We have long since finished our main course, and Jenny wraps up her meal with a long black – the purest, unedited version of coffee available. “To be frank, the financial markets did very well in the last 30 years,” begins Jenny. “It attracted the smartest people in the world because it generated good profits.
But you have to reflect on your focus too. People always say ‘I need X amount to retire’ when one billion people don’t even earn a dollar each day. We have been extremely privileged and that comes with responsibilities.”
“Even when things aren’t going easy, the hard times define you. When things are good, you must be graceful about it. Either way, there’s humility required.”
Looking at the millennial generation, Jenny points out that things are changing, as almost all of them come from families where both parents work. Increasingly, marriages are seen as partnerships, where couples work together and help each other out with finances, maternity and paternity leave. If people are not learning and studying more, they are working longer hours. As such, the world will change much more than we realize, in say, five to ten years.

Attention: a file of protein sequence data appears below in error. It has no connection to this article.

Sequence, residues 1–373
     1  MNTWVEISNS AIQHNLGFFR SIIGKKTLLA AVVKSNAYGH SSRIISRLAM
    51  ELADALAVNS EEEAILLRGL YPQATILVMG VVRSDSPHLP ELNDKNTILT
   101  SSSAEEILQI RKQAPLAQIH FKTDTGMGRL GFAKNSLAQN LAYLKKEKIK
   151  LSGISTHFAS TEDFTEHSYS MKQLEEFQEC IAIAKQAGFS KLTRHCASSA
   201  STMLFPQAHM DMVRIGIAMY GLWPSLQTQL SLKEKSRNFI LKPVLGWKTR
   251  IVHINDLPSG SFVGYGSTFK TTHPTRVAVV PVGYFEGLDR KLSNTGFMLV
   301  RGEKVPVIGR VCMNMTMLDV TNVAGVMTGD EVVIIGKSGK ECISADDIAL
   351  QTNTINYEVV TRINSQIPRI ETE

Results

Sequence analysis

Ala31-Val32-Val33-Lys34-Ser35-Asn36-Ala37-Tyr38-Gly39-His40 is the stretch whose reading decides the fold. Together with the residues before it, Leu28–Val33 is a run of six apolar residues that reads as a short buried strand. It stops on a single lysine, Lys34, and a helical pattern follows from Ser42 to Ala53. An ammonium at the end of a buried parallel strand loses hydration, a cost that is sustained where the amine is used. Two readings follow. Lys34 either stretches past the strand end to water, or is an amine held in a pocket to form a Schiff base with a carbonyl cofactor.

I end by asking Jenny about her earliest ambition in life. She pauses. “I thought I was going to be an astronaut at one stage. If someone said to me that I had an opportunity to explore space, I’d probably take it up because I’ve always had a passion for exploration and new frontiers. That was why genetics was so interesting to me.
Although I didn’t do what I thought I would do when I was younger, everything came good in the end. I’m sure the next 50 years will bring lots of new adventures.”
Image: Asia Next Bank Conference
ShuQi Liu is the Editor and brainchild of Doyenne.sg.